A man must decide whether the quantum swarm is used for destruction or peace.
The lights flicker, go black. He walks out of his shack, sees that his abode is the only dark one and looks to the sky, as if for support. The glass towers glitter under a rocket arcing through the sky. Another mission to Mars, says his phone, the colonization process well under way. But the man, our man as it stands, didn’t win that lottery ticket, and so he only watches, the cool fall air tightening his skin; for a split second he can almost feel the warmth from the rocket.
The phone spouts on about quantum swarms soon to make the mining in Mars that much more efficient. The reporter starts a conversation with a scientist who is overlooking the breakthrough. Here on earth, the swarms will make war victimless. For another split second the man imagines being on the rocket, looking down on this city, feeling above the world. But a child starts crying and he’s back to the refugee camp on the outskirts of a city with towers so high and glittery that they simultaneously fill his heart with joy and also plunge him into the depths of a familiar despair for he is not living in the towers but instead is here in the refugee camp that stinks of fecal matter even though he is not a refugee.
Ifta, his neighbor, steps out, her sharp eyes absorbing and discarding him at the same time. Trying for small talk, he discusses the quantum swarms, the coming era of prosperity, of peace.
She shakes her blue haired head and explains that the swarms would do no such thing. The arms race they would usher in will be as bad as any other. The man is suddenly very aware that she smells like dirt and strawberries, and he is, now, very attracted to her. Maybe she senses this too, for she disappears into her shack with an offer for him to stay at her place if it ever grew too cold.
Maybe not. He decides that he needs to fix his electricity situation; his past due bill needs to be paid, or he needs to find wiring to leech off the grid. Either way and soon for winter was to burst at any moment, spitting its frozen crystals over the land.
The next day he finds a refugee who has the wiring he needs, though at a price that he doesn’t. He works as an English teacher for some of the refugees and so he adds classes trying to get money or items to barter. He goes two days on a single meal. He still doesn’t have enough money for the wire.
Seeing the Quantum Swarms
He walks by a store screening, in HD, the quantum swarm purifying a part of the world where evil has grown. The swarm is massive; it glitters and moves over the sea, a dusty hovel, a line of refugees. The show is beautiful, it first focuses on the scientists, their trials and tribulations, their immense problem solving skills, those initial failures of the swarms, the needed quantum computing for communications and calculations of some of the most complicated algorithms known. And on it goes: their families who missed them, the shoulders they stood upon; this was an inevitable growth from the past 500 years of progress. And then the big show against evil; the side which has none of the above.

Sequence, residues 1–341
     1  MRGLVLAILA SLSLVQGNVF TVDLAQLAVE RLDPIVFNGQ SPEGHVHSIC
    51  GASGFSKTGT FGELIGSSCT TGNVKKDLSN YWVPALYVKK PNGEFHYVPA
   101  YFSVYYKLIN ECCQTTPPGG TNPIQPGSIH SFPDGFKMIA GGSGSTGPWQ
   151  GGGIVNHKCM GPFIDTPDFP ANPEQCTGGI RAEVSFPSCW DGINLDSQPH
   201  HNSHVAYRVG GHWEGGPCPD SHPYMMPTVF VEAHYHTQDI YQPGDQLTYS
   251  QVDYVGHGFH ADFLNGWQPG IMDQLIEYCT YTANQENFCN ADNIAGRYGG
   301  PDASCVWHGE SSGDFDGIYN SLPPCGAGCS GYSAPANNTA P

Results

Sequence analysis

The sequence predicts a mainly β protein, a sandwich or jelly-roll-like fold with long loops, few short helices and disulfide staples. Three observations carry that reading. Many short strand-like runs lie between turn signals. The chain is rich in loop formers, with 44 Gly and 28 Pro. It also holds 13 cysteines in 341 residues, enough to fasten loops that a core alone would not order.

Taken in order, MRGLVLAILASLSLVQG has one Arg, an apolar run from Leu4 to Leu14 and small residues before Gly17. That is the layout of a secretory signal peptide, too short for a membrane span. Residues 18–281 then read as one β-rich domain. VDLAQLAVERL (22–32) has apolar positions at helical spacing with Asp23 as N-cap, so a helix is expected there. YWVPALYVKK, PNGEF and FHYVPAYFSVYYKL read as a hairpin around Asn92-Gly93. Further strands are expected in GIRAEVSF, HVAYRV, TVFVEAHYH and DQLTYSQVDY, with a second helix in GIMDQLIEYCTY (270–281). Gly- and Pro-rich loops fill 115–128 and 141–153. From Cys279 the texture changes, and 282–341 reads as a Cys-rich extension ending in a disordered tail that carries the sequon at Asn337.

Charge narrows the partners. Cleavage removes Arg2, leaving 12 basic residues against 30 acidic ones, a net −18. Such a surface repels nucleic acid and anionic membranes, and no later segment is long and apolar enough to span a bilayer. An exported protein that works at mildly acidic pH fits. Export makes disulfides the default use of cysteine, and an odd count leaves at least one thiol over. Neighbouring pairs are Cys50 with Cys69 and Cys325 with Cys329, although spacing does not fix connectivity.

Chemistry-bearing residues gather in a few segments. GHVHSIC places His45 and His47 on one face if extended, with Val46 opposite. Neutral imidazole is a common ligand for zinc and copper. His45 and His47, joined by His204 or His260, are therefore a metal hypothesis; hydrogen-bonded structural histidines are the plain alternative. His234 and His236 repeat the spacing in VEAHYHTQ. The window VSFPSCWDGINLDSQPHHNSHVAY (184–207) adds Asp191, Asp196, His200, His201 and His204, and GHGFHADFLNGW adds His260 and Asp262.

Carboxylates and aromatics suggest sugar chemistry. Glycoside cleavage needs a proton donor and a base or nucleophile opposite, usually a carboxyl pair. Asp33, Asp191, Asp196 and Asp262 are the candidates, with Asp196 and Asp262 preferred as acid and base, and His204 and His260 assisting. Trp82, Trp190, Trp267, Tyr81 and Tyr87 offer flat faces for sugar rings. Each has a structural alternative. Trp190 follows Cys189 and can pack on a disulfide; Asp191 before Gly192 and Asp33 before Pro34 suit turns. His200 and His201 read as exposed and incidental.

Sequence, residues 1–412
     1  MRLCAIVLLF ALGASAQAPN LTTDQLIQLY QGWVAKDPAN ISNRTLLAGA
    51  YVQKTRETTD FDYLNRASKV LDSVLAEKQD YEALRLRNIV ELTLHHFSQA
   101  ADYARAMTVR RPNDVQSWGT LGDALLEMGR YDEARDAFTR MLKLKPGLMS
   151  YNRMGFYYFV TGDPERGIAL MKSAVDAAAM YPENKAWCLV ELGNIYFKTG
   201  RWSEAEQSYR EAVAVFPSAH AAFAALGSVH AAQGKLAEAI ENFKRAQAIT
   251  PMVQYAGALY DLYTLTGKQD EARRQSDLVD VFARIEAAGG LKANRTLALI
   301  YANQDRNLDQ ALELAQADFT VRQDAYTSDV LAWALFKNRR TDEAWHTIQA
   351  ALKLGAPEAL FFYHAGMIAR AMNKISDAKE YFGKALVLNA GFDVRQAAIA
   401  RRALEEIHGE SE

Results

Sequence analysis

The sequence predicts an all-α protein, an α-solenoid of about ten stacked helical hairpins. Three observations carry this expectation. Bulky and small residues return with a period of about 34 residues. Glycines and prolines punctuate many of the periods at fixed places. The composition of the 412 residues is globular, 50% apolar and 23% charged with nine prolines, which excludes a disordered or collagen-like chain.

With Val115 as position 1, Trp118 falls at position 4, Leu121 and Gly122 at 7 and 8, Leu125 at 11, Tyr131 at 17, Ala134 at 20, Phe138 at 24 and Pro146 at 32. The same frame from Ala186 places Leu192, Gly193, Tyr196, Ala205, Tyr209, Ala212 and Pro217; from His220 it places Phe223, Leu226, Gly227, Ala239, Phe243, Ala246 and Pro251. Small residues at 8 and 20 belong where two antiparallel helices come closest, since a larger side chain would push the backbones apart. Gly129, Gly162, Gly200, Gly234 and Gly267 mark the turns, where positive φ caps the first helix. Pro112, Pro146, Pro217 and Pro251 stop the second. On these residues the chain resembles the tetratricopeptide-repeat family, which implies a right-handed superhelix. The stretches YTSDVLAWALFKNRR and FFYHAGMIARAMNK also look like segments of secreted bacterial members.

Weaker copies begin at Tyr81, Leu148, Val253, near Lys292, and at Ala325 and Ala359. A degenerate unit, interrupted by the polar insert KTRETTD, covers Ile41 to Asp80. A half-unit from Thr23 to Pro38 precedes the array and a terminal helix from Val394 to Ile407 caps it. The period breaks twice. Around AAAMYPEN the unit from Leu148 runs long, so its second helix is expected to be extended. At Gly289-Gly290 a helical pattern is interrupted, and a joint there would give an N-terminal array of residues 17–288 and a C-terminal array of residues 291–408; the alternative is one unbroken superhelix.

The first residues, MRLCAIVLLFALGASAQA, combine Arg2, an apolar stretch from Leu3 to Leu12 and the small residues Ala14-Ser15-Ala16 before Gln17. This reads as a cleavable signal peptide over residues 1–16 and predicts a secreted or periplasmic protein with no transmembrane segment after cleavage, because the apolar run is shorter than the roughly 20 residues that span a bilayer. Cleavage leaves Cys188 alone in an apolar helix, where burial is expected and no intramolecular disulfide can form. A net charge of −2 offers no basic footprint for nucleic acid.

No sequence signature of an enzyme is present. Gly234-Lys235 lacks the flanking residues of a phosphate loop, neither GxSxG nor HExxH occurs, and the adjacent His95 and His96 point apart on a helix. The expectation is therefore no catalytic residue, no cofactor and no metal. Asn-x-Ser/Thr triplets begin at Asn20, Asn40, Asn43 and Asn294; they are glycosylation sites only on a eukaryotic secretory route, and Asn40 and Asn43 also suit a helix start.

Again, the swarm moves like a dancer across the land, purifying, making no victims. And the show is over, the evil is gone.
The man walks back to his dark shack. Though a pride has swelled in his chest, he feels something else in there: a rock. He is not sure why. A hate for that evil against which the swarm
is fighting bubbles up into his thoughts. His shack sits there, a cold reminder of his failure. He thinks on the swarm, the missions to Mars, he is somewhat elated.
Destruction or Demons?
Ifta sits outside her shack, her high-cheek boned face glowing over the embers of her pipe. She invites him inside, even though her eyes have taken him in and discarded him all at once all over again. Inside her shack it’s warm, and the glow from her computers seem to add to that feeling.
He talks in an excited tone about the swarm, the bright future. Her face turns harsh. On her computer, she flicks through images of flesh piled high. This is your future, she says or implies. He mumbles something about the needs to be vigilant about doctored images. She looks at him with such a disgust, that he wishes he were being absorbed and discarded instead. That rock in his chest grows.
He asks to see more of the images and videos. He forces himself to look through all of them. The rock grows. Suddenly, his shock seems like a minor problem, even here with the refugees and fecal matter and the wails cutting the air. He asks how she can deal with such images. She speaks with a silence and stillness that mean too many things to him. He asks if he can help. She says nothing. He asks again and she sighs. There’s nothing, go to sleep. He’s not sure if this is said or implied.
The next day he awakes to see her writing code. He realizes all the nights he had seen her up— before he slept, after he awoke—she was being driven by a demon. The demons were obviously borne of such vectors as the videos and images—of this he is certain.
That rock in his chest is growing heavier. He remembers that the images and video are all doctored, that his quantum swarm is a glistening majestic thing. The rock in his chest lifts and he walks out into the sun, hoping that he will have enough money to pay for the next month’s electricity.